I received for an early Christmas present a mini digital photo album for a keychain by The Sharper Image. Both the device and the accompanying software are a little finicky, but it works (kind of).
They messed up again, and finally decided to admit it, with Mark Zuckerberg, head guy at Facebook, posting this on the Facebook blog.
Did everyone forget that almost the same thing happened a little more than a year ago? Are we learning anything here? I wonder what the next thing will be.
I’m taking a break from all of that until they get their act together.
I deal with a reasonable amount of e-mail, I suppose. I like to keep most of the (somewhat useful) e-mail that I get, but up until now, I’ve been pretty lazy with it, keeping a folder in Outlook called “Message Archive” and just dragging all of the mail there. With approaching 20,000 e-mails in this one folder, I decided it was past time to start keeping it more organized. So, I made a nice mail folder structure, new mail gets sorted as it arrives, and I’ve been going back and sorting my old mail bit by bit.
I mostly like the default Outlook message layout, but I don’t really have any use for the “Categories” or “Flag Status” things that it wants to display next to every message by default. You can remove these columns, sure, and doing this manually on each folder in a small set of folders is not too much trouble, but it starts getting annoying to make changes to each folder once you have a lot of them. And then there’s the thought of, if I ever migrate this to another machine, will I have to do this all again?
So, I investigated how to modify the default Outlook view. It’s not very hard, but it’s not very obvious either.
It seems that having a standard Microsoft USB Bluetooth dongle hooked up to your machine with VMware Workstation 6 (or a newish version of another VMware product) will lead to a bluescreen upon bootup with the error message “INTERNAL_POWER_ERROR” and stop code 0x000000A0.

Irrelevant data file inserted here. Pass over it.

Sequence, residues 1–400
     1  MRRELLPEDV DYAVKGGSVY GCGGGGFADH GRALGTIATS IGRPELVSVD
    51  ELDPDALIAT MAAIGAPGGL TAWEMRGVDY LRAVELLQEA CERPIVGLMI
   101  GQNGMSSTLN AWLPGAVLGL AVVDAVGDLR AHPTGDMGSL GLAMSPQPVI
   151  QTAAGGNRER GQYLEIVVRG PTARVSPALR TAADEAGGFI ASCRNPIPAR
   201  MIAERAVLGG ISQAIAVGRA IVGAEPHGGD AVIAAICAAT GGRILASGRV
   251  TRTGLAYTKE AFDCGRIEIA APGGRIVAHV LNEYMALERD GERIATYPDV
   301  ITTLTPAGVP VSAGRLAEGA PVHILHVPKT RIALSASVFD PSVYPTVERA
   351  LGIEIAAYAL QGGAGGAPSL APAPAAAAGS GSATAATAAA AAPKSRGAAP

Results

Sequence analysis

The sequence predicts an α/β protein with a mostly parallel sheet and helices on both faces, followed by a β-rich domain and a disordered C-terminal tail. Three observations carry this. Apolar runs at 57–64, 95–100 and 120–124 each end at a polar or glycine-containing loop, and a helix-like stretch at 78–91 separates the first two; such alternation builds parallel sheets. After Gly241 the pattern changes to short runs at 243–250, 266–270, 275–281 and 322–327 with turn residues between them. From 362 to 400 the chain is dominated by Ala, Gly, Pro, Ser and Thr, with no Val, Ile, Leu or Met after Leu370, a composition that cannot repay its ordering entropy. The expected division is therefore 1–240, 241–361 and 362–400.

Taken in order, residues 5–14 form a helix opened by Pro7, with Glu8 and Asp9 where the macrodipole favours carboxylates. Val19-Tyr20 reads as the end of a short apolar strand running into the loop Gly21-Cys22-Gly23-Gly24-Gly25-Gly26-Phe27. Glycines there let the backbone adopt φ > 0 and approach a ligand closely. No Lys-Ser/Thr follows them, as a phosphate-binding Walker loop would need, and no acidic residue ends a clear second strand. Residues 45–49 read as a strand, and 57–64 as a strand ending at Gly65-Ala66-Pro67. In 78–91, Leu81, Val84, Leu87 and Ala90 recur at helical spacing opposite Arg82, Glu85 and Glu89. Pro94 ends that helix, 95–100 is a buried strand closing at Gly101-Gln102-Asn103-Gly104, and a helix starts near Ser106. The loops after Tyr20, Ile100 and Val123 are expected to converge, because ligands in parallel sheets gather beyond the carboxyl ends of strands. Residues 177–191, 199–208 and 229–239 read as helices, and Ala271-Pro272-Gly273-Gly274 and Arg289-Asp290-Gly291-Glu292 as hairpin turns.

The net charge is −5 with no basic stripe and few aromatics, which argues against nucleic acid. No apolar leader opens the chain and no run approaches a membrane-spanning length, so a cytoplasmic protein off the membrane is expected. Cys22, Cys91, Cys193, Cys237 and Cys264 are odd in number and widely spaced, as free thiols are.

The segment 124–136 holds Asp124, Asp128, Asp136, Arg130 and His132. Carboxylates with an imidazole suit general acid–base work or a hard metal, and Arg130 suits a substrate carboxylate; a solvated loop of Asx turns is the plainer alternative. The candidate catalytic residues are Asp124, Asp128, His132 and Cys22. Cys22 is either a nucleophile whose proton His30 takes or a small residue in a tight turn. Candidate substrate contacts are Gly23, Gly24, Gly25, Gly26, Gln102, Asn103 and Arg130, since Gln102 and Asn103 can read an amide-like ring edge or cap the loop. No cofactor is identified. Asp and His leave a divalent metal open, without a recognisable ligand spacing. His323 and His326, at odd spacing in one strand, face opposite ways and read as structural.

This is a problem I’ve been having for several months: Sometimes, upon booting my 64-bit Vista desktop machine and logging in, I get one of those taskbar balloons that tells me that “Windows could not connect to the System Event Notification Service,” and some other stuff about because of this, non-admin users will not be able to log in, and I should check the event log for details. This seems to happen to me almost without fail after I had installed some Vista software updates and rebooted from that installation (I guess since that seems to jog up the order that things happen in at boot time), but anyway, it was not exclusive to that, although it would almost always be fine after I rebooted again.
Since I’m an administrative user (and there’s only one account on my machine), there seemed to be nothing else wrong after the notification went away. The System Event Notification Service is running, even. Still, errors like this are somewhat disturbing.
Anyway, I Googled around a little and found little useful information; however, I believe I have fixed it on my machine.
I am now going to use this space to rant about some software issues in general, and about a couple of image-editing programs in particular. And I’m going to begin with a story, that sort of illustrates my complaint.
This is a step-by-step guide to getting started at using JNI with C++ under Windows.
For class, I need to take some C++ code and compile it to a .dll file to use with JNI. I have MS Visual C++ 2005 Express (hey, it was free!). Searching around online, I found plenty of things that implied that it was possible to build a DLL with this version of Visual C++, but no specific instructions on how to do it. I actually found some forum posts by other people who were confused like me. Thus this post.
I can into a problem today that was actually reported to me last spring by my friend Carl. The problem is, using Windows Vista, with Internet Connection Sharing (ICS) enabled, after running for a while, the Internet connection goes dead.